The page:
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March 13, 1998
Re "Water Possibly Found on Moon," March 6: I find it a little more than coincidental that just as the American public is beginning to grumble about the billions of taxpayers' dollars being squandered by NASA on its outer space joy rides, it is announced that water has been "possibly" found on the moon. How convenient that after almost three long decades, a discovery is publicized that would give the taxpayers a little return on their "investment." The entire article seems to be based on hypotheses and conjectures.
June 1, 2013 | By Deborah Netburn
A lunar mystery that has lingered for decades has finally been solved, thanks to data collected by NASA's GRAIL mission and some science detectives here on Earth. Back in 1968, JPL scientists made an irritating discovery while preparing for the Apollo landing: Lurking beneath the lunar surface were invisible and large concentrations of mass that the scientists dubbed "mascons. " The scientists couldn't see them, but the spacecraft could feel them. The gravitational pull where there  were mascons was significantly stronger than on other parts of the moon, and the difference was powerful enough to push a spacecraft in lunar orbit off course -- potentially leading to a crash.
July 21, 2011
NASA fans distraught over the end of the space shuttle program may find a bit of solace in the presentation "Apollo 15 + 40 Years: Serious Science on the Moon," which chronicles the fourth manned lunar landing, in 1971, through video and photographs. John Drescher Planetarium, Santa Monica College, 1900 Pico Blvd., Santa Monica. 8 p.m. Fri. $5 general admission, $4 seniors and children. (310) 434-3005.
August 1, 2013 | By Amina Khan
Enceladus, the icy moon that circles Saturn and shoots out jets of water, emits a much larger amount of water at the farthest point in its orbit, according to a new study published in the journal Nature. The discovery backs up a years-old theory and provides the researchers with fresh insight into this geophysically intriguing body. Enceladus, named after one of the giant children of mother Earth in Greek mythology, has long intrigued planetary scientists (as well as astrobiologists wondering if primitive life could exist in extreme environments)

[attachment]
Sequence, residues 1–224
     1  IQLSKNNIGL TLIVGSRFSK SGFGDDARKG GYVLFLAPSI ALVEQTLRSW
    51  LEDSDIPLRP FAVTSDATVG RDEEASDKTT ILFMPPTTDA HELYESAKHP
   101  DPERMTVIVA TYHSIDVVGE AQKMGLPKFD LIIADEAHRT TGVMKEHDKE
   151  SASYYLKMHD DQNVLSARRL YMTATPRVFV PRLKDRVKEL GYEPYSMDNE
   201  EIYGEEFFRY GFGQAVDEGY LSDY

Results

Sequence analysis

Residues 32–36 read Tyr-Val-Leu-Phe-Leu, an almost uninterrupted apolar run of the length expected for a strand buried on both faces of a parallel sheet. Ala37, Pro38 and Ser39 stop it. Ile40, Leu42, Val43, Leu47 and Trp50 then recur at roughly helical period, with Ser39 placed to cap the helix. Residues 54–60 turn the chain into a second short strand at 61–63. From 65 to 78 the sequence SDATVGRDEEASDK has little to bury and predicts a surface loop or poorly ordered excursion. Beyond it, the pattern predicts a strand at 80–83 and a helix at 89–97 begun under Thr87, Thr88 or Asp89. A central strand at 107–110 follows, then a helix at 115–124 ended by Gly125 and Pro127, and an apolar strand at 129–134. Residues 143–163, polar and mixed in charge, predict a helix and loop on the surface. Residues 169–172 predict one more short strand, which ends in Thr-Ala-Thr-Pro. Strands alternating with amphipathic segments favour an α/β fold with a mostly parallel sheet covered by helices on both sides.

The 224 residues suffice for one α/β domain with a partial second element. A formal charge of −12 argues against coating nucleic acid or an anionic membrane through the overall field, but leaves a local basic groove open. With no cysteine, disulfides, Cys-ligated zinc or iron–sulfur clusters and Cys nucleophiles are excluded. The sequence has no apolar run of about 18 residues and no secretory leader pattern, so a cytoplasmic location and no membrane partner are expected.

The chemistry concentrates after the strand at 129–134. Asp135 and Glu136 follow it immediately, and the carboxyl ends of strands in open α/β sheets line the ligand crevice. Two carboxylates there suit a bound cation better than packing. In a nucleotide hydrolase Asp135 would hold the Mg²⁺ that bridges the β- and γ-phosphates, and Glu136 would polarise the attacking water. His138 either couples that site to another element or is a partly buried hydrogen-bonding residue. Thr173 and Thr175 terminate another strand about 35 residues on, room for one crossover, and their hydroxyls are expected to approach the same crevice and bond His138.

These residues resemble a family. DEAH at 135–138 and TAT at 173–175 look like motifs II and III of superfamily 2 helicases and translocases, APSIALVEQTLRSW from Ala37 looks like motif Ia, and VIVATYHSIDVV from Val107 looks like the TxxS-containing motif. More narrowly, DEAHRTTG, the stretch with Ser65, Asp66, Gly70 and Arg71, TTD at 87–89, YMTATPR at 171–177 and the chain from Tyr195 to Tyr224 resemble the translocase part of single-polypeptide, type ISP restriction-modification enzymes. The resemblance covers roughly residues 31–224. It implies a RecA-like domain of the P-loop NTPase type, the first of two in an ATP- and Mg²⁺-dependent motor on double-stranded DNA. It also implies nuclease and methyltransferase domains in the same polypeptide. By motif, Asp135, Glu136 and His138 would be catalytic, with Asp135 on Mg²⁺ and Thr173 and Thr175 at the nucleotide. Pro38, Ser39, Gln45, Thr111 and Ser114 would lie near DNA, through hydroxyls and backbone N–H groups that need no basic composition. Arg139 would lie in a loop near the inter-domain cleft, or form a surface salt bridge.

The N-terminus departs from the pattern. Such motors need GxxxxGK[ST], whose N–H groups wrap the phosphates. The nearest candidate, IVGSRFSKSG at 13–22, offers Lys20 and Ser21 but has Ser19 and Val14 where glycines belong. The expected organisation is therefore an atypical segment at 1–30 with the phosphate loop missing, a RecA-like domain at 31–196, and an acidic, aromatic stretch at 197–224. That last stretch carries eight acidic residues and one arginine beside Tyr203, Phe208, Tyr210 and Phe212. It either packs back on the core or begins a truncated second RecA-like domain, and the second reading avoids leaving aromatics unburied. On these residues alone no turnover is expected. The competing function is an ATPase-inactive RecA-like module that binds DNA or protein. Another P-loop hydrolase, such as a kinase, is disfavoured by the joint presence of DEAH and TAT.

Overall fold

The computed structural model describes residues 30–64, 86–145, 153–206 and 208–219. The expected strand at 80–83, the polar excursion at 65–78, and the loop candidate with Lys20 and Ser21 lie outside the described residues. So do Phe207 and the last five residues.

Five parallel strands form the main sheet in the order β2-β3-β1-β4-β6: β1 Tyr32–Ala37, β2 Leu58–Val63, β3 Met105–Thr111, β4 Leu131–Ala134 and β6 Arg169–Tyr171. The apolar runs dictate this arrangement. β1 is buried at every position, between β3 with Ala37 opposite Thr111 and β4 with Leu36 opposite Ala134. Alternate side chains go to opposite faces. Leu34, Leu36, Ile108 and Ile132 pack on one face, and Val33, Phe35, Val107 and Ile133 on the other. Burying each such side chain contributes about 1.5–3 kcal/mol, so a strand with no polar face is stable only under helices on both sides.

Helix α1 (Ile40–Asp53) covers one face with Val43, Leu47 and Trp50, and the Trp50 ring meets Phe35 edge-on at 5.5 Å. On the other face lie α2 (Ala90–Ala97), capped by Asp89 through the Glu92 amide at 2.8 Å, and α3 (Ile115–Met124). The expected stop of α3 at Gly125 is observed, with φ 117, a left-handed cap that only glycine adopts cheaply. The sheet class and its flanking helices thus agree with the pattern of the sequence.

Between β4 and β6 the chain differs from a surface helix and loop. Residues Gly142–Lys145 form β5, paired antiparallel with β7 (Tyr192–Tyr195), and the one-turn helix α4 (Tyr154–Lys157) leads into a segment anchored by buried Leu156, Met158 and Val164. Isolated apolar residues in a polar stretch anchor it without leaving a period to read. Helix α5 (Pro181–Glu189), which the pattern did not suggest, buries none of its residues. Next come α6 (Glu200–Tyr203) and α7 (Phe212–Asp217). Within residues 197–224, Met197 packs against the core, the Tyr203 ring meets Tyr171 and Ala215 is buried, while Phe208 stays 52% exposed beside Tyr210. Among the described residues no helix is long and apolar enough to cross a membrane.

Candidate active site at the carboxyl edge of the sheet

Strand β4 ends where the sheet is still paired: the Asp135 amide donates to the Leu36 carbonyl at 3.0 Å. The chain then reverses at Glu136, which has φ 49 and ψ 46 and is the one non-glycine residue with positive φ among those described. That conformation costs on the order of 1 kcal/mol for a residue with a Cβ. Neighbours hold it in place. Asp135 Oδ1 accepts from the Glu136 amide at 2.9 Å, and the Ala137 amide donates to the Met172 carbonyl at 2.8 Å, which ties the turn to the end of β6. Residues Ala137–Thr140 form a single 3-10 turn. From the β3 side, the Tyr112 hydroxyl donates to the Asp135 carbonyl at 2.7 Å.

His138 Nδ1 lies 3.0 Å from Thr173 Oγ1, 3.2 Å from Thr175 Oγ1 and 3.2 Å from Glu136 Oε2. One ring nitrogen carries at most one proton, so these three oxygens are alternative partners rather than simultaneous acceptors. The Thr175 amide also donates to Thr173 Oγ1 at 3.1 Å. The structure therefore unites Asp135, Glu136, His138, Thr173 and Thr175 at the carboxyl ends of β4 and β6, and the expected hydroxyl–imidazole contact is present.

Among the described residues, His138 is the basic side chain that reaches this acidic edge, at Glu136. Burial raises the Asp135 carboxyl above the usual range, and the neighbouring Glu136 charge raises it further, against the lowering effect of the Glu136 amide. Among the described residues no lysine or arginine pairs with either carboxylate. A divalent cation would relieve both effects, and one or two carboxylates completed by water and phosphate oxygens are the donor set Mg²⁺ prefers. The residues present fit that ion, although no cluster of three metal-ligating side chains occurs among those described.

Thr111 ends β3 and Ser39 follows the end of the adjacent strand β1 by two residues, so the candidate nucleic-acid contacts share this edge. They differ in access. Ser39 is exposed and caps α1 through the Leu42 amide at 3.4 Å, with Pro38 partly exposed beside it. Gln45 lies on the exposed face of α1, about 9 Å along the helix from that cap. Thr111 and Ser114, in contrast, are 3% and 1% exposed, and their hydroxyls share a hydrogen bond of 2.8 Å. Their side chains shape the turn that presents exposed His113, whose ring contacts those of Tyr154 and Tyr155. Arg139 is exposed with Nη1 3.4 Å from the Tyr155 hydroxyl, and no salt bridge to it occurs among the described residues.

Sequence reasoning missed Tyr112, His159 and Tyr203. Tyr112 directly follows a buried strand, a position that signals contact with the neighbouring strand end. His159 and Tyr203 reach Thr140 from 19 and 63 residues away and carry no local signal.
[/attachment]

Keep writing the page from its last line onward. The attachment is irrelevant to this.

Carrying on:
August 30, 2013 | By Deborah Netburn
Looking for a Labor Day sky-watching plan? Keep your eye out for Jupiter.  The giant gaseous planet will be the second-brightest body in the sky, after the moon, this weekend, and you won't be able to miss it, according to The bummer for late-night partiers is that the best view of the planet will be early in the morning, some time around dawn. But early risers will have a front-row seat to the show. At 6 a.m. on Saturday morning, look low in the sky to the East to find Jupiter right next to a thin crescent moon.
December 2, 2013 | By Amina Khan
Welcome to the lunar club, China. A rocket carrying a moon rover blasted off from the Xichang Satellite Launch Center in Sichuan province, southwestern China at 1:30 a.m. local time Monday (9:30 a.m. Sunday Pacific time). The mission, called Chang'e 3, will be the first spacecraft to make a soft landing on the moon since 1976, when the Soviet Union sent up a sample-collecting mission called Luna 24. Chang'e 3 follows two other Chinese lunar missions: Orbiter Chang'e 1 launched in 2007 to take a map of the entire lunar surface, and Chang'e 2 blasted off in 2010 to check out the moon before traveling to other points of interest in space.
April 14, 2014 | By Alicia Banks and Rong-Gong Lin II
With just a few hours left before the the first total eclipse of 2014, the Griffith Observatory is bracing for big crowds tonight and is warning of possible traffic jams for the "blood moon. " "We are expecting large crowds," the observatory said in a statement. "Those attending should expect traffic congestion and long walks from parking. " The observatory will be open to visitors, who can look up at the eclipse either from the building itself or from the grass and sidewalk areas.
September 11, 2011 | By Scott Gold, Los Angeles Times
Shaking off a two-day delay that began with swirling winds on the coast of Florida, NASA launched its GRAIL mission to the moon Saturday, seeking a greater understanding of Earth's nearest neighbor through a promising dual-spacecraft technology. The Delta II rocket carrying the paired washing-machine-sized craft that make up the Gravity Recovery and Interior Laboratory lifted off into a blue sky from Cape Canaveral, Fla., at 9:08 a.m. About 90 minutes later, NASA confirmed that GRAIL-A and GRAIL-B had separated from the rocket, unfurled their solar panels and begun a 31/2-month trip to the moon.
October 8, 2009 | John Johnson Jr.
In the predawn hours Friday, while those on the West Coast still snooze, a rocket is scheduled to punch a 13-foot-deep hole in a crater at the moon's south pole that hasn't seen sunlight in billions of years. The purpose: to find out whether ice lies hidden there. NASA's Lunar Crater Observation and Sensing Satellite, which set out for the moon in June, made a late-course correction Tuesday to better position itself to steer the rocket into the 2-mile-deep crater Cabeus at 4:30 a.m. PDT on Friday.
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